- “If you’re a Texas Supreme Court Justice hopscotching across 254 counties, trying to tattoo your name onto the noggins of millions of voters, you must find creative ways to raise visibility and build awareness. Twitter, Facebook, etc. are low-cost but high-yield ways to leverage the support of key influencers and opinion leaders. Bottom line: It’s political malpractice not to engage people smartly via social media.”
Public confidence in our courts is eroded when judicial candidates raise campaign cash from litigants and lawyers, former Texas Chief Justice Wallace Jefferson told Justice at Stake’s 2015 Fair Courts State Summit in a keynote address on Thursday.
Jefferson, the Texas court’s first African-American judge and first African-American chief justice, is an ardent champion of merit selection. Recounting his firsthand experience in Texas, he told the Summit attendees why he believes reform is necessary and also why it is hard to achieve.
After describing a Texas system whereby many judges win office on a straight-ticket partisan vote, he said the top qualifications to win election are party affiliation, the “sound of your name” and “how much money you can raise. And what is so disheartening about that is it has nothing to do with qualification and merit.”
“Another very fundamental problem,” he continued, “is that the public … thinks that if you’re accepting money from a litigant or lawyer, you are going to back that litigant or lawyer in your judicial ruling. And so the confidence in a fair and impartial system of justice goes away just by the very practice that you have in Texas and many many other states, even increasingly in states where judges are elected in retention elections.” Read more
Legislation to require politically active nonprofit groups to disclose their donors was declared dead in the Texas legislature, The Texas Tribune reported.
“The Legislature gets a ‘F’ on ethics reform this session. The bills they passed largely protect the politicians and limit disclosure of information,” said Craig McDonald, director of Texans for Public Justice, a Justice at Stake partner organization.
The Texas Tribune subsequently reported in a different article about Gov. Greg Abbott’s news conference following the conclusion of the legislative session, “Abbott Opposes Curbs on Dark Money.” Read more
An article in the Texas Tribune on Friday analyzed the prudence of electing judges in the wake of the Supreme Court decision in Williams-Yulee v. The Florida Bar, which upheld a state’s right to restrict the fundraising activities of judicial candidates.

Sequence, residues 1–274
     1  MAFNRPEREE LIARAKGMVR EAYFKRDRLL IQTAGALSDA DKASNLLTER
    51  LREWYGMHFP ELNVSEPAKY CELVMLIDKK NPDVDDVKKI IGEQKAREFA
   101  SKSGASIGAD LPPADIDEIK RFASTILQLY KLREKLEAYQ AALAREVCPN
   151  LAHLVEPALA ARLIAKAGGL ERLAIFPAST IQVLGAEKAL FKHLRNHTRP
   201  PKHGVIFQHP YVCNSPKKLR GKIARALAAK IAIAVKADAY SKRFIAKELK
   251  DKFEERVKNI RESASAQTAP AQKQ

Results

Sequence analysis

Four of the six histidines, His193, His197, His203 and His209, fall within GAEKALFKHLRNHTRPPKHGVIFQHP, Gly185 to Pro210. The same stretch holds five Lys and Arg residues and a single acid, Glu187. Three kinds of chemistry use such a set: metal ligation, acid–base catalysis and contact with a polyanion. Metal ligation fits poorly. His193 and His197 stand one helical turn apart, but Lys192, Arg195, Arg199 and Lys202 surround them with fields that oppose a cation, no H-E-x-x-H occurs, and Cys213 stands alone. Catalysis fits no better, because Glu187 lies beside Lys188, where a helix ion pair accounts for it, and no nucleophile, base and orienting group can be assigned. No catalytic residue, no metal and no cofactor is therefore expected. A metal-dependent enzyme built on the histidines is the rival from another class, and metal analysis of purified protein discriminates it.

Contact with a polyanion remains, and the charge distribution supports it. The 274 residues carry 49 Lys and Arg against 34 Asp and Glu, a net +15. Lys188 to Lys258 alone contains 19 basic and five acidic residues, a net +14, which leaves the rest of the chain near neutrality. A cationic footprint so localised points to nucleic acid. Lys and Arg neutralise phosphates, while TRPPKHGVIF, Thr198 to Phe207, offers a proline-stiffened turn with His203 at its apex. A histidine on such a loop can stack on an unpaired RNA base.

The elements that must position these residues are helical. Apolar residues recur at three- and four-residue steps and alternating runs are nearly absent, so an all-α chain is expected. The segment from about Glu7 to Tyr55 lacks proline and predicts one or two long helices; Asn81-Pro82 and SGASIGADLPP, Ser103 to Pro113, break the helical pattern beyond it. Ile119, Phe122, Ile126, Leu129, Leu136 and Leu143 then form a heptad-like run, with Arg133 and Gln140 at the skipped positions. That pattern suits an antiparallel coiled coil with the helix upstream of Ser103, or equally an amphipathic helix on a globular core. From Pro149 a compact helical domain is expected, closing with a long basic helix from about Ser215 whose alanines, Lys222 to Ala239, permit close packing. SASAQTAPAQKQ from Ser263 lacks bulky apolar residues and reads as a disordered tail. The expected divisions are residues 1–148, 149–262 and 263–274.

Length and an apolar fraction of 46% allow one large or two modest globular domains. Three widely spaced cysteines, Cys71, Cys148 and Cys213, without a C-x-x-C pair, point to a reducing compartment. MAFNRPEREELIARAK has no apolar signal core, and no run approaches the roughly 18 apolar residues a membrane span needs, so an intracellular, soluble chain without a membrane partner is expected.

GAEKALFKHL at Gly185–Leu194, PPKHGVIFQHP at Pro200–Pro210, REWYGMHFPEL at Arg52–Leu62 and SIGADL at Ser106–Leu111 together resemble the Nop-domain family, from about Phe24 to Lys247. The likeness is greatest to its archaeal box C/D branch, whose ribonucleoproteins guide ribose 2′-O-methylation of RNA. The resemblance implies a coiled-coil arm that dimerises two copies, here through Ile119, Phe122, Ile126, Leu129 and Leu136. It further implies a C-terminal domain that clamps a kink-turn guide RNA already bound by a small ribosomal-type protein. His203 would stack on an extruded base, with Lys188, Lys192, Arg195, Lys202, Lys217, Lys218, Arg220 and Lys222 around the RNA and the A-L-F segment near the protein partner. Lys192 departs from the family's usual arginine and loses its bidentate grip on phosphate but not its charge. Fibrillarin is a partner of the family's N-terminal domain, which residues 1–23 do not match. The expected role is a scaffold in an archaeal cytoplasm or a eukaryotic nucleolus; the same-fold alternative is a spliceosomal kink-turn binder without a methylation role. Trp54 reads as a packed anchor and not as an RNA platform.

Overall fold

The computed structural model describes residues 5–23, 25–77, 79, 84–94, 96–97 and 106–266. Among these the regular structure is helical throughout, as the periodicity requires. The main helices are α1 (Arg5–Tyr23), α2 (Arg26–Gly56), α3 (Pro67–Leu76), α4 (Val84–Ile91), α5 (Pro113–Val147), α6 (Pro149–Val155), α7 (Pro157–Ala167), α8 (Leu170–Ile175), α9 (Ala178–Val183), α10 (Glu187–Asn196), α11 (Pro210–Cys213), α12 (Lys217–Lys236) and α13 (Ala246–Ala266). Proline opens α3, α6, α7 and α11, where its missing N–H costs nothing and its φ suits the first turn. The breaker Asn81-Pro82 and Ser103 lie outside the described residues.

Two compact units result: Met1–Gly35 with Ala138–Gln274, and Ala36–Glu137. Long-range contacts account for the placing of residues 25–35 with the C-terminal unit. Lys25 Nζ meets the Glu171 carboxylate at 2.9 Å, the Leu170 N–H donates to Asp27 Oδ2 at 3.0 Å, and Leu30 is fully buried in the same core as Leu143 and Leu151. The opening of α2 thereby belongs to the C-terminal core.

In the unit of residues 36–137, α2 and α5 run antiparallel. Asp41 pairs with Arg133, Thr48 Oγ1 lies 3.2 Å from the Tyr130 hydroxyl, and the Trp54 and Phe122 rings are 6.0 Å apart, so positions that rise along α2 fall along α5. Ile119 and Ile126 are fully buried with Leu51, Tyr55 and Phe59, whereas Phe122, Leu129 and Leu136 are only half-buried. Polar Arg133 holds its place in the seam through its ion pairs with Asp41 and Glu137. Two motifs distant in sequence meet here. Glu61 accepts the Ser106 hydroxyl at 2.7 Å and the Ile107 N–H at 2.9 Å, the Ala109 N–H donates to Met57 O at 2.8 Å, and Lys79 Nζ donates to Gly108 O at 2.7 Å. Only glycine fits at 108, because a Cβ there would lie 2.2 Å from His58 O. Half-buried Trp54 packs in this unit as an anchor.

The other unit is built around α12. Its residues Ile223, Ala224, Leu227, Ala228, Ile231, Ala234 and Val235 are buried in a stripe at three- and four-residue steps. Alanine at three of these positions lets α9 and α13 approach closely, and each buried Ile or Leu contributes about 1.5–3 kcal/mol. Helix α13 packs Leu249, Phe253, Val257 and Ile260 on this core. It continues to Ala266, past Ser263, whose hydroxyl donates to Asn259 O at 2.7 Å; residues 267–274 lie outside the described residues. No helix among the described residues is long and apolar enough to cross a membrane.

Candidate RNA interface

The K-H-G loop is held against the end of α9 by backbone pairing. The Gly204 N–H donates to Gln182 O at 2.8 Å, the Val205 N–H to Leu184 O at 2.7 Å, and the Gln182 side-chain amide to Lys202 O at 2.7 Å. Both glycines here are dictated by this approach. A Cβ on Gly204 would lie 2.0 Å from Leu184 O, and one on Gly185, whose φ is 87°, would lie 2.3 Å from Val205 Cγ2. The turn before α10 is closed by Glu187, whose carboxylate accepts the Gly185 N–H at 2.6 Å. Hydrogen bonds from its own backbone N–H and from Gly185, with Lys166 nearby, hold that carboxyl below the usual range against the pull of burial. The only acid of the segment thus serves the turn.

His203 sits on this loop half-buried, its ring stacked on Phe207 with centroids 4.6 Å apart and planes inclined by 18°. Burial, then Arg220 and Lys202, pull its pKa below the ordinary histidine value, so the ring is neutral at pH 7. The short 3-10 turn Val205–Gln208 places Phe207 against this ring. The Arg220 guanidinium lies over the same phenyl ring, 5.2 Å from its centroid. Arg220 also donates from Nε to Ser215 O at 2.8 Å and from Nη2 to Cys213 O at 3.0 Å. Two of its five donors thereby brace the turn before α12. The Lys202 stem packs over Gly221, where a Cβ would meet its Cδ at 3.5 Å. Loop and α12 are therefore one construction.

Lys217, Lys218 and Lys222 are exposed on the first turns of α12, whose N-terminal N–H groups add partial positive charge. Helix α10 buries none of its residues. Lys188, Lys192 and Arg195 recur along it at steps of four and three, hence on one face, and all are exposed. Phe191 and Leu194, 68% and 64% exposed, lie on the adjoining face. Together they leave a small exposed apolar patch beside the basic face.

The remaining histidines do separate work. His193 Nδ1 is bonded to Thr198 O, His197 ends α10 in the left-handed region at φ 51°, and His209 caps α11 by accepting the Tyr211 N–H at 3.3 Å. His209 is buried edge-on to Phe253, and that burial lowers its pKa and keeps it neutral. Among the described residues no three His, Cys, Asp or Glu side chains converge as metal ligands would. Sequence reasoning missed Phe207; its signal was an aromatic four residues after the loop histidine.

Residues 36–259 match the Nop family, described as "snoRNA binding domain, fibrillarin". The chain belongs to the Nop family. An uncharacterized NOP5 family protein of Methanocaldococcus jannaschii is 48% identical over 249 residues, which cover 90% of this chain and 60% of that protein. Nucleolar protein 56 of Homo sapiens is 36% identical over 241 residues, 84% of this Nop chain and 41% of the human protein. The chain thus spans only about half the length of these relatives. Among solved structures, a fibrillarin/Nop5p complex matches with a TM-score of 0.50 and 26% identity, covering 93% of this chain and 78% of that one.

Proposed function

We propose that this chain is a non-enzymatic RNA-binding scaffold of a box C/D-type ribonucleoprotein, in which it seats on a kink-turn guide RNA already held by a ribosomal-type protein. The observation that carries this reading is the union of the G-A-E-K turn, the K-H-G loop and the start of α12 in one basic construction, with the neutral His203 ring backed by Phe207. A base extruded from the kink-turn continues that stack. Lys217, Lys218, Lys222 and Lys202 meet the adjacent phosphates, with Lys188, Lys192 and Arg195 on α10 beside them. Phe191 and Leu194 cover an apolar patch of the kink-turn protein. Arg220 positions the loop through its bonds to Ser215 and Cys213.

This fundraising “smells just fine in the civics textbooks,” the article editorializes, “but in practice, it can carry a strong scent, especially in judicial races.” Former Chief Justices Wallace Jefferson and Tom Phillips agree, as they wrote in an amicus brief for Williams-Yulee. “As former Chief Justices who have observed countless elections in our own States, and run as candidates for judicial office, we are well-acquainted with the genuine dangers — and sometimes actual abuse — present when judicial candidates personally solicit campaign contributions from parties and lawyers,” they wrote. Two former Alabama chiefs, including Sue Bell Cobb, a crusader against judicial elections, joined the brief.
The Texas Commission on Judicial Conduct reprimanded a trial judge, Michael Thomas Seiler, in part because the judge decried the “psychopaths” who appear before him in court. Judge Seiler was talking to a Texas Patriot PAC audience, and he also held up a photo of Hannibal Lecter, a fictional serial killer in the “Silence of the Lambs” movie.
According to an ABA Journal article, the commission said the judge’s remarks “could cause reasonable observers to perceive he would not be fair and impartial while presiding in … civil commitment proceedings.” It also said he was “impatient, discourteous and undignified” in statements to attorneys representing sex offenders. Read more
Two bills under debate in the Texas legislature would make public the names of judges who grant minors permissions to have abortions, a step that critics say represents bullying judges and potentially threatening their safety.
“Texas is the first state in recent memory to consider naming the judges who rule on [these so-called judicial] bypass cases,” Mother Jones reported, although similar legislation was considered there several years ago. At that time, former Texas Supreme Court Justice Craig Enoch cautioned that naming judges could endanger them and their families at the hands of angry parents or anti-abortion extremists.
This year, Susan Hays, an attorney with the nonprofit group Jane’s Due Process, said the bills are intended to punish judges and discourage them from participating in judicial bypass proceedings. Read more